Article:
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Alternatives to pet ownership — Good Parenting

Welcome to Good Parenting, our weekly online series on parenting advice with Annapolis, Maryland, expert Dr. Deborah Wood.

Headshot2011Alternatives to pet ownership — Good Parenting

Dear Dr. Debbie,

I’m dead set against having pets but my husband is saying the children will miss out on important childhood experiences. He always had a cat and dog growing up, and though he may have helped out when he was older, our children are at an age where they still need a lot of care themselves. I’m the one home all week, not him. Your thoughts?

Enough to Do Around Here

Don’t miss last weeks column on Play with a Purpose

Dear Enough to Do,

There are indeed many good lessons to be learned from pets in the family: responsibility, life cycles, sharing (puppies often chew toys without regard to whose they are), and unconditional love to name a few. However many households get by without animals in them due to allergies and the reason you cited in your signature: limits on the adults’ time for the added responsibilities.

Here are some compromises.

Visit a zoo such as the Maryland Zoo in Baltimore, the National Zoo in Washington, D.C. and the Salisbury Zoo, spend time at the Children’s Museum in Annapolis, go to the petting farm at Kinder Farm Park, window shop at pet stores, and get invited to other people’s homes where your children can satisfy their animal interests. Without bringing an animal into your home, your children can enjoy watching a bird preen its feathers, cuddling lambs and chicks, holding a snake, romping with puppies and kittens, and perhaps learning about some of the tasks involved in taking care of animals.

Hang a bird feeder or two outside a window in your home from which the children can sit and watch who comes to peck at the seeds and fruit they help to keep stocked. Install a bird bath in the yard and have the children help you keep it clean and full. Squirrels can find plenty to eat on their own if you have oak trees in the yard. So find the best place to enjoy watching them scamper along the trunk and branches. Or plant butterfly bushes to attract colorful butterflies to watch from spring through fall.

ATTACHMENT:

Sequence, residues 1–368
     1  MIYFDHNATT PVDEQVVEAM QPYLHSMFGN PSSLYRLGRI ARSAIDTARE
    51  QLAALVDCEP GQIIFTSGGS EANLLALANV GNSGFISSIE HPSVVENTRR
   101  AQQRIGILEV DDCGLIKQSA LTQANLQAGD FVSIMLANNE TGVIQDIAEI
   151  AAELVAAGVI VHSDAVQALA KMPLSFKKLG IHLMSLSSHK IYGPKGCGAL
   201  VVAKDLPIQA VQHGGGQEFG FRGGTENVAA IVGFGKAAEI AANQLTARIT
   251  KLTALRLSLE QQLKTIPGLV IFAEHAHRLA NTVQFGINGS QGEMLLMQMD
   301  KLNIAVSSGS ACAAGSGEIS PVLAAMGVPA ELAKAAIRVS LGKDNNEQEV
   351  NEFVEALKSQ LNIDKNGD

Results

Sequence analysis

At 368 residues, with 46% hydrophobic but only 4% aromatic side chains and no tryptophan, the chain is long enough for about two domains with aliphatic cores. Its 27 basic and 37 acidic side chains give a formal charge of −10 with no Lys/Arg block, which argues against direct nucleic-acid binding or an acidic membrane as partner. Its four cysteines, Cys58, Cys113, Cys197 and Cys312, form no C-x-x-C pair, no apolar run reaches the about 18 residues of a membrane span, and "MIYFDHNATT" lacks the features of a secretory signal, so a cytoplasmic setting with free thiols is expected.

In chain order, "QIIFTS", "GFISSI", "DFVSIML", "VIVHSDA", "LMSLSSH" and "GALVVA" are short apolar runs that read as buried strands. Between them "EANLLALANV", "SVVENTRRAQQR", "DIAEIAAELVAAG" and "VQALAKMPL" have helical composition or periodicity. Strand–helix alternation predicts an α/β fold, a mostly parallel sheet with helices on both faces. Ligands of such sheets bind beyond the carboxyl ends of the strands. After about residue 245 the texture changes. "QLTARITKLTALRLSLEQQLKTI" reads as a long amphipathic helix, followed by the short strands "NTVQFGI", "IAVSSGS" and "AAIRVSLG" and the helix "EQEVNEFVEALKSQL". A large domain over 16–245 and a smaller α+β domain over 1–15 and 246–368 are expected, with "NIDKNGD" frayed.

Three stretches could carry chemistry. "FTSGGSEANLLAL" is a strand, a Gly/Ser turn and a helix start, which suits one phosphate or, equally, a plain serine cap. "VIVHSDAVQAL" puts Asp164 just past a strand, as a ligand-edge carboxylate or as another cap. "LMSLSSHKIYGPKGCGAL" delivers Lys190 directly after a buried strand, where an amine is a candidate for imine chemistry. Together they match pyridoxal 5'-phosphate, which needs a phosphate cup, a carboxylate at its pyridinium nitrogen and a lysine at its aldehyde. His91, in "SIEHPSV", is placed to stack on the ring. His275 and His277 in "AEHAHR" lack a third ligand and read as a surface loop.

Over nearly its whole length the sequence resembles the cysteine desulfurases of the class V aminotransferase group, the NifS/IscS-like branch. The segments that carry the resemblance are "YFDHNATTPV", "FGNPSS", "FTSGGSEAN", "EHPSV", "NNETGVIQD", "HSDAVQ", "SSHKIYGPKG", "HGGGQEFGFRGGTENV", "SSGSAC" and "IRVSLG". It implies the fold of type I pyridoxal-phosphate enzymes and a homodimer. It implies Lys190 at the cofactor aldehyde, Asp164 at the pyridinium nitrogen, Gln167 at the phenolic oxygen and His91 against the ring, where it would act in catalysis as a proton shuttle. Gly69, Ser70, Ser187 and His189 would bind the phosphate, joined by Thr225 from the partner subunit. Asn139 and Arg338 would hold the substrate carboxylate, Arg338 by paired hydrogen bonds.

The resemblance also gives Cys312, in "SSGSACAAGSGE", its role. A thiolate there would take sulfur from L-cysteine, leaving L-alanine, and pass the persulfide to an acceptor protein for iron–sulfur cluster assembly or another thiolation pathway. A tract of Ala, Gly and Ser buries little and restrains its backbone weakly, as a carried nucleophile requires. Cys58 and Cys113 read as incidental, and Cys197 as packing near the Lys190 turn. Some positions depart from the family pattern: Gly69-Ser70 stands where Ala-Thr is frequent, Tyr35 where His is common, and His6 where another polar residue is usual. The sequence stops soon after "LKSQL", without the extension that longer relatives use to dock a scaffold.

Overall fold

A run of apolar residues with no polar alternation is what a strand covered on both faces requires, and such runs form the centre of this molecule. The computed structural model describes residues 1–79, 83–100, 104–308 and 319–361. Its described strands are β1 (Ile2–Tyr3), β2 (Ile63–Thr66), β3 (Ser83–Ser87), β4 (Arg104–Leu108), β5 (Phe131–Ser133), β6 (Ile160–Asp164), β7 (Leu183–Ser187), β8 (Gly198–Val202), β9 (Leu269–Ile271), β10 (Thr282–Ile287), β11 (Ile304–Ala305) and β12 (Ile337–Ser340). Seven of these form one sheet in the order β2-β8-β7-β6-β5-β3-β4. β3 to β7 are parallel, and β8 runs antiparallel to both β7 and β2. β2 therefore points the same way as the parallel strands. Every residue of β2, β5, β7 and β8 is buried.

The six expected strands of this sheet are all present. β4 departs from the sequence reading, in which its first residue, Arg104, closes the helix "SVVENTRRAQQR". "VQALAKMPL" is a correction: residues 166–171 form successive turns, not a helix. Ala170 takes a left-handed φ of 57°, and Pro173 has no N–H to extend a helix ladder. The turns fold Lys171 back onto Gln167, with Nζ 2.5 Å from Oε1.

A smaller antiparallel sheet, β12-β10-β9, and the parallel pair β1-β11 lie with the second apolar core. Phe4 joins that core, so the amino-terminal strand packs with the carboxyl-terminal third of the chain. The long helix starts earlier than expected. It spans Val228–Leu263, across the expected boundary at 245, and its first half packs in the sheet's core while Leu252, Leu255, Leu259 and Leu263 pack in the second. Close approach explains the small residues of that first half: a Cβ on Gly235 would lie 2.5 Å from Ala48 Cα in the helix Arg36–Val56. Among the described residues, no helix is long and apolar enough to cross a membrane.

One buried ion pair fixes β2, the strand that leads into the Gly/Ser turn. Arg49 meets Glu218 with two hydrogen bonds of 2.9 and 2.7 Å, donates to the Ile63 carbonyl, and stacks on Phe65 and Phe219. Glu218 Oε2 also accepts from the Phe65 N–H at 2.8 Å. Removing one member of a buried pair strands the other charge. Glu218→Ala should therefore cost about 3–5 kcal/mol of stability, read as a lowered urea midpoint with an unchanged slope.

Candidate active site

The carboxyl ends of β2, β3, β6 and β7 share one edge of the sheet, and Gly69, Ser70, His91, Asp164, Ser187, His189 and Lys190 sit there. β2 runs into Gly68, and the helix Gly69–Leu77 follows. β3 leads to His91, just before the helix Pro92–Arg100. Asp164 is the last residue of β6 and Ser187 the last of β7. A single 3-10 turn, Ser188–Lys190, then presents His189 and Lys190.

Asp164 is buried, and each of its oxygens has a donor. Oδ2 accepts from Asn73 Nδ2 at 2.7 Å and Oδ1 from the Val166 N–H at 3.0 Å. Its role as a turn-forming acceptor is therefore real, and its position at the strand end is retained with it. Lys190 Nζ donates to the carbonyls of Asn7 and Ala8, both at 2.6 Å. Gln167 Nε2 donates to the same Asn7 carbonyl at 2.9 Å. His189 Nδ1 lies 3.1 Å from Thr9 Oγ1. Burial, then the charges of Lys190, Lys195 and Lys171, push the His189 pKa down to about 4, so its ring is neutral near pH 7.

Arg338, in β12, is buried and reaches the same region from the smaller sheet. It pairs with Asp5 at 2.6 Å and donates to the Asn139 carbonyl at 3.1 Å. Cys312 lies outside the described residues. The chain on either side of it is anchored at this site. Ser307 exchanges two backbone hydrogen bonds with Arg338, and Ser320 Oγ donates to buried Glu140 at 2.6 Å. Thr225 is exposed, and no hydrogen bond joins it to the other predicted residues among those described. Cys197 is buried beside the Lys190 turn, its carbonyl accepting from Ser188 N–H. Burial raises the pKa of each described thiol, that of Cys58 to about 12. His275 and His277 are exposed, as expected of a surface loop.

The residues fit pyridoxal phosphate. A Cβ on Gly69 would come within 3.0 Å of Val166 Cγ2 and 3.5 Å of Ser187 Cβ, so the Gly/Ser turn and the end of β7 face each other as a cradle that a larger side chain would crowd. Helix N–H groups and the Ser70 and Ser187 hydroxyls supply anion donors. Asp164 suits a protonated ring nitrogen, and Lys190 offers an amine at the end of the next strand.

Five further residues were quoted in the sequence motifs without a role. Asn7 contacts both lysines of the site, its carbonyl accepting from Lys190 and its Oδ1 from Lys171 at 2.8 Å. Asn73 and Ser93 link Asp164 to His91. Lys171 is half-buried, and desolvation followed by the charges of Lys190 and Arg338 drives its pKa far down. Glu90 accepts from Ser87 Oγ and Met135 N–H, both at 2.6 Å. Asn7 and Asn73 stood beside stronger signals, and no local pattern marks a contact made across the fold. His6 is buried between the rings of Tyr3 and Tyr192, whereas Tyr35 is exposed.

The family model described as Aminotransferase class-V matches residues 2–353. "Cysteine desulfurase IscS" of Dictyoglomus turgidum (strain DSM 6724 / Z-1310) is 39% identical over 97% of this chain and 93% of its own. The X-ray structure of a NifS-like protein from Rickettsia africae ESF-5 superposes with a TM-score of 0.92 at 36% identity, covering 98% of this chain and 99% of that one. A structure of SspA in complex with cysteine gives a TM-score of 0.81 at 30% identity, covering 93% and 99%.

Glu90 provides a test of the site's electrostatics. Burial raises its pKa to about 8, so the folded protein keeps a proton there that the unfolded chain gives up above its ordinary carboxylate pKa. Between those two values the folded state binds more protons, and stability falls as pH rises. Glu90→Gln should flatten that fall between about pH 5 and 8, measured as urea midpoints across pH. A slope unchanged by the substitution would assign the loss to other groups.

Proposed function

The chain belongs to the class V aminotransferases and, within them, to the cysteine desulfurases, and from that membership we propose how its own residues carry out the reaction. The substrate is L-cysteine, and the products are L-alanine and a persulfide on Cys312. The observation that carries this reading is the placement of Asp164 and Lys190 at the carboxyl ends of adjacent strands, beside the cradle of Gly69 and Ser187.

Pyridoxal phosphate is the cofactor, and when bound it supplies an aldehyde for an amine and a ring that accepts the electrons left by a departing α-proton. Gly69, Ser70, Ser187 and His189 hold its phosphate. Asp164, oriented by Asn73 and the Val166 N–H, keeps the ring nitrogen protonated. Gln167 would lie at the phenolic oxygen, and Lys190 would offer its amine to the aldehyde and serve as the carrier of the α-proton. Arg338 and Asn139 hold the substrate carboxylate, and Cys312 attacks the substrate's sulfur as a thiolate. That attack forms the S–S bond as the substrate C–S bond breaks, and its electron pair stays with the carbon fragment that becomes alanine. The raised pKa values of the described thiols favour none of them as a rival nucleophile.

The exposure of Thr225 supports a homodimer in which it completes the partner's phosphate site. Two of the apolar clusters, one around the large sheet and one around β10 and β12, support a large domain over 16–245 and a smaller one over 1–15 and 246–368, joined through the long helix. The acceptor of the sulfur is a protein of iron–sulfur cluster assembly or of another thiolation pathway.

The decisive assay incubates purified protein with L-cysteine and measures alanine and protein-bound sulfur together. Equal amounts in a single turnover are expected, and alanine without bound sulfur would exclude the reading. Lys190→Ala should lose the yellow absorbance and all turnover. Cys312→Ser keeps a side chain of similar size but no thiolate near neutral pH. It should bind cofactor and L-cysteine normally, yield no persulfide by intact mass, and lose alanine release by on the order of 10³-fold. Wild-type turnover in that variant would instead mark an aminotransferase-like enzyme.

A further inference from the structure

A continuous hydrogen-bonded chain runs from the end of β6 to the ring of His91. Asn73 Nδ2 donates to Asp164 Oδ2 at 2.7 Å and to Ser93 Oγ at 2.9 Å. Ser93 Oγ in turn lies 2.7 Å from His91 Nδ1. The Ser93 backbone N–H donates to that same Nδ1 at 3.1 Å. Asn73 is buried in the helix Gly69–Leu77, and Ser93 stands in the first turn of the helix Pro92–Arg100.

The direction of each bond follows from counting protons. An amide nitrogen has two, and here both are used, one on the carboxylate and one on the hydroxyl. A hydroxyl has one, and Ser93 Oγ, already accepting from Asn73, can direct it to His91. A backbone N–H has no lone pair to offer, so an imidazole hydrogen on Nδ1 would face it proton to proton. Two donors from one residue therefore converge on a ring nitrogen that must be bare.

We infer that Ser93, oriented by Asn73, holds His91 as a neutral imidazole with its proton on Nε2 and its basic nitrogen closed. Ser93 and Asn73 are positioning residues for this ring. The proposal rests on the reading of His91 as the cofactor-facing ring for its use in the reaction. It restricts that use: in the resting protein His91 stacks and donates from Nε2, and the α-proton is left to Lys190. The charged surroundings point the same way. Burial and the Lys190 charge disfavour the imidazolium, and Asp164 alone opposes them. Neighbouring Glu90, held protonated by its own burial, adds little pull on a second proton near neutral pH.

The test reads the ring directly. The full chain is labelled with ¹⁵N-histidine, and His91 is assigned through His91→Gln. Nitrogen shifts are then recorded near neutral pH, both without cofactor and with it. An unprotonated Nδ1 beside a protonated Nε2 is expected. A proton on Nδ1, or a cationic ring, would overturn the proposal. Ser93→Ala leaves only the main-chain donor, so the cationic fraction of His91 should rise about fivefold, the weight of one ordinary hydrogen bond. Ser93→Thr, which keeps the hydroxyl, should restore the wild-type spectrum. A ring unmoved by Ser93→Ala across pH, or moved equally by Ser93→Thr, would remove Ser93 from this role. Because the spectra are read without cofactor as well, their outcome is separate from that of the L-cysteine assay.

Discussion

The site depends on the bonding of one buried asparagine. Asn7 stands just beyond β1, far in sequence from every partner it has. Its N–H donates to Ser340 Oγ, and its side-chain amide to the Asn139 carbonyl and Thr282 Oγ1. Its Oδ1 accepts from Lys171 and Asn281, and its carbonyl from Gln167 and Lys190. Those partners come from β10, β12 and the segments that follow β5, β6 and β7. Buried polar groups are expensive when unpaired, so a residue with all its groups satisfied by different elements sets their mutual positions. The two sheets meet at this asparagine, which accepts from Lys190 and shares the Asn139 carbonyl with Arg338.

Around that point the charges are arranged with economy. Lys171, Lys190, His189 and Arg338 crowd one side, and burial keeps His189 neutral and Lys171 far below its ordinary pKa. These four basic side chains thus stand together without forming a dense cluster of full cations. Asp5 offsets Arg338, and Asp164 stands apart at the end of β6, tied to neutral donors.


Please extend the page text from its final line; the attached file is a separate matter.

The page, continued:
Take nature walks. Our county has many lovely parks full of wildlife including Jug Bay Wetlands Sanctuary; Quiet Waters Park; and Sandy Point State Park. If you go often, you will soon learn the daily and seasonal habits of the various inhabitants. Parks schedule nature programs to teach visitors about the animals that live in them, and sometimes include presentations with live critters.

Since your husband is the one who is keen on having an animal in the house, it may be worth asking him to think through a scenario wherein the children have the benefits he is so eager for without obligating you to any additional duties. Could he pet sit on weekends? This could be at your home or he could take the children along to feed, water, and play with a cat or dog whose owner is away. Might you relegate a small pet to one area of the house? He could promise to maintain a small habitat, such as for a hamster, lizard, or fish. If things work out, and the children also share in the duties as they mature, the discussion could be reopened later for the cat or dog of his dreams.

Dr. Debbie

Deborah Wood is a child development specialist in Annapolis. She holds a doctorate in Human Development from the University of Maryland at College Park and is founding director of the Chesapeake Children’s Museum. Long time fans and new readers can find many of her “Understanding Children” columns archived on the Chesapeake Family Magazine website. You can find her online at drdebbiewood.com.

What do you think? Leave your thoughts in the comments or submit a question to Dr. Debbie at Betsy@jecoannapolis.com

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